Did Lyon decision contravene ICC directive for DRS?”
Nathan Lyon‘s reprieve during the Adelaide Test appears to have been in direct contravention of the ICC’s directives for umpires using the DRS. In a decision New Zealand have lodged a formal protest against, the third umpire Nigel Llong ruled that Lyon was not out despite Hot Spot showing a mark where the ball had passed the back of the bat, before ballooning off Lyon’s shoulder and into the hands of Kane Williamson at slip.
Llong’s deliberations were broadcast live on the Nine Network’s television coverage and, while viewing the Hot Spot vision, he stated three times that he could see a mark. He then told the on-field umpire S Ravi: “There’s a mark on the bat but it could come from anywhere.”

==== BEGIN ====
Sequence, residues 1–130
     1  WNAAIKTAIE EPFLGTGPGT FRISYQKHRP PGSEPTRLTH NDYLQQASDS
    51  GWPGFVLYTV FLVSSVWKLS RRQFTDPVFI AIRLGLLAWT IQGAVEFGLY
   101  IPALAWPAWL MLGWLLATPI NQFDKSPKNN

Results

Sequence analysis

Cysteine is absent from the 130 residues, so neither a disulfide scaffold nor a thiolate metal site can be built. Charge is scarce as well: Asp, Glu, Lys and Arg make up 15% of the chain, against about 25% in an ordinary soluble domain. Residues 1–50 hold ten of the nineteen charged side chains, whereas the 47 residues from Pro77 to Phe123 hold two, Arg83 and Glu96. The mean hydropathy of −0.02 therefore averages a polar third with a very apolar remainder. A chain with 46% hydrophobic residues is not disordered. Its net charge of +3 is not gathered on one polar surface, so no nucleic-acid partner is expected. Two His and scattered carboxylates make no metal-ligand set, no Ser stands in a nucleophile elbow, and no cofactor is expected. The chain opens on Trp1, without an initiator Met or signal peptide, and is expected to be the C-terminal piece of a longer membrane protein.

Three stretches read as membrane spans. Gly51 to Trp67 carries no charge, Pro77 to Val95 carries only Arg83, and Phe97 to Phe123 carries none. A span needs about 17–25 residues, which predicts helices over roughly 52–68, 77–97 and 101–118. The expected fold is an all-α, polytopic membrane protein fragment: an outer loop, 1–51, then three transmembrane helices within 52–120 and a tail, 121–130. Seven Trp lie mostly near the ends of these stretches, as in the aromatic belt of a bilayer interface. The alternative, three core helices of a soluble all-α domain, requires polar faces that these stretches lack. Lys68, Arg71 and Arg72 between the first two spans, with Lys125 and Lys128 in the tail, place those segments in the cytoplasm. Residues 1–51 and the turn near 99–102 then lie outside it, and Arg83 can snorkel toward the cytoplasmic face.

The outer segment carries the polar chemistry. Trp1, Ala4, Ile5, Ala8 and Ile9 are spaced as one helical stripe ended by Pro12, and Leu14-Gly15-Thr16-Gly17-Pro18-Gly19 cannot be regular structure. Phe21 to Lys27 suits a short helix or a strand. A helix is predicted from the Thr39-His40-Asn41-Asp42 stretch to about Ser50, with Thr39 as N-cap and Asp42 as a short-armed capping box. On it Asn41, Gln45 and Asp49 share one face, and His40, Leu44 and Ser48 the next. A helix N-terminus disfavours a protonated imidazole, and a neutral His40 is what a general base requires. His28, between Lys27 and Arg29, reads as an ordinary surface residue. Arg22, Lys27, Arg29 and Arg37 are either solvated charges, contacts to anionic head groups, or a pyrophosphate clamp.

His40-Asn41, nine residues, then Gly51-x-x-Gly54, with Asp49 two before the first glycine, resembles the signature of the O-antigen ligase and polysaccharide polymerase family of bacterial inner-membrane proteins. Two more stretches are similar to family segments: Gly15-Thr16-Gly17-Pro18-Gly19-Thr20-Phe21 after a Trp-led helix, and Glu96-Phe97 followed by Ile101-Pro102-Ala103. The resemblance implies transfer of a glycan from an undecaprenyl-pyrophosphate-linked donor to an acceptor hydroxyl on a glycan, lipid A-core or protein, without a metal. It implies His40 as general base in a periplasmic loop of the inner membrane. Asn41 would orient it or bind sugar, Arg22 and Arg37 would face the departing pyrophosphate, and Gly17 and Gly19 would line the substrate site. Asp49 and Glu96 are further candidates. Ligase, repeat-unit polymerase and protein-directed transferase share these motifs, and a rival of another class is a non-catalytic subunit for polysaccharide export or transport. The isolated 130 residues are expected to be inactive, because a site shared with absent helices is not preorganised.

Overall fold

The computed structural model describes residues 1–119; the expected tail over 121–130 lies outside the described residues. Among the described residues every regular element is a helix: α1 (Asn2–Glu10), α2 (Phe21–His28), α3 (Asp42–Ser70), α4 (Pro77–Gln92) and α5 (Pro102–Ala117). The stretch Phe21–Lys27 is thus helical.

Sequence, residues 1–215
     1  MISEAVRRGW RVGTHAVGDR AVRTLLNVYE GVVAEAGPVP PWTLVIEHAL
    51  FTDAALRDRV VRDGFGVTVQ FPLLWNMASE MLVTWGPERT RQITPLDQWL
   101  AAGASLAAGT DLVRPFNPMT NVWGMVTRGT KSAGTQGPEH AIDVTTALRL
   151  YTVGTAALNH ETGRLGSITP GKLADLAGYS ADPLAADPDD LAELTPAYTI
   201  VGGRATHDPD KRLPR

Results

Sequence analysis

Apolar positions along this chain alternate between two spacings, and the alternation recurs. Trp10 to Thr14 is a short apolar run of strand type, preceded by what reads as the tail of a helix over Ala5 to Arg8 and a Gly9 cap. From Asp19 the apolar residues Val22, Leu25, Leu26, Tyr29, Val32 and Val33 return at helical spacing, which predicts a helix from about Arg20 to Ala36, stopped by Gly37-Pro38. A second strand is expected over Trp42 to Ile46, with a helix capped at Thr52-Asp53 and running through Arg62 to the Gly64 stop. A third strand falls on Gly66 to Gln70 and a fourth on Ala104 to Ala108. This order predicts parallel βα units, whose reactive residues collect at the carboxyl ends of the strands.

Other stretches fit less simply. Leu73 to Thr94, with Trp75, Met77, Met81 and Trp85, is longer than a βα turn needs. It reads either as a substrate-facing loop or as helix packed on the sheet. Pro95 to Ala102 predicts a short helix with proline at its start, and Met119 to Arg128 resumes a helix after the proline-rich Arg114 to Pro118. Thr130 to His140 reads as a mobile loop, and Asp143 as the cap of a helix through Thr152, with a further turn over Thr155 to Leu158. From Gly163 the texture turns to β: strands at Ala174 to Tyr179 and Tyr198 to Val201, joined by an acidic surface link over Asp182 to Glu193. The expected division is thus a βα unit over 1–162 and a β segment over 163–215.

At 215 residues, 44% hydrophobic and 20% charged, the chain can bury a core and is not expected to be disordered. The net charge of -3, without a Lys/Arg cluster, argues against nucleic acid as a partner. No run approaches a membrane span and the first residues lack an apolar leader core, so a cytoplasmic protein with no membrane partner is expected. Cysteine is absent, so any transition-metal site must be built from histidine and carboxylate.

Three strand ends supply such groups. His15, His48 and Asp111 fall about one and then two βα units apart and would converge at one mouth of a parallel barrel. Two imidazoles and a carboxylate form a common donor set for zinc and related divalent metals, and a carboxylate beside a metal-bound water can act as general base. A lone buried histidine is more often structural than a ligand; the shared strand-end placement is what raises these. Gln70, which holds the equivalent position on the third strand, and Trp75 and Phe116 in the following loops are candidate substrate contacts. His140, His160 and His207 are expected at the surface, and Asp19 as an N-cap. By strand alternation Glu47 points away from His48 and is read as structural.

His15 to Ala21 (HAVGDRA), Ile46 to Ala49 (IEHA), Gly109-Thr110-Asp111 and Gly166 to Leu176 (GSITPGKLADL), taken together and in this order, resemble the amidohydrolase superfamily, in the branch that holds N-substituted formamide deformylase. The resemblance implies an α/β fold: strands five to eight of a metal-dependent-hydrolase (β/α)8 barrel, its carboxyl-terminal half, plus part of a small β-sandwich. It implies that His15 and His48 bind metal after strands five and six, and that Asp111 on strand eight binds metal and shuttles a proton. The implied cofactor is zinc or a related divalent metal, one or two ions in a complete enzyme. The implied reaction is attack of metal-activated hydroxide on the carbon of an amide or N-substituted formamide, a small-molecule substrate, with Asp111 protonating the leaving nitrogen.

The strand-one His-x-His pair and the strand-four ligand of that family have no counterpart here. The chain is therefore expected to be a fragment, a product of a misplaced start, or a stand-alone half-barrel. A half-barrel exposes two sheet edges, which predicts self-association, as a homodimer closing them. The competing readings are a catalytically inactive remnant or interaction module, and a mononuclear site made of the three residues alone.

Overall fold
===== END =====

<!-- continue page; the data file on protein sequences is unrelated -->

ESPNcricinfo has confirmed that umpires make their deliberations under instructions that Real-time Snicko (RTS) is only to be used if Hot Spot does not show a mark. “If the umpire gives it out [and it is reviewed], the third umpire will look at the spin-vision replay to start with, then he’ll go to Hot Spot,” Geoff Allardice, the ICC head of cricket operations, had said when explaining the introduction of RTS in 2013. “If there’s a mark on Hot Spot he’ll go straight to out. That’s his conclusive evidence straight away. The only time Snicko will be used is if there’s no mark on Hot Spot.” Read the rest of this entry ?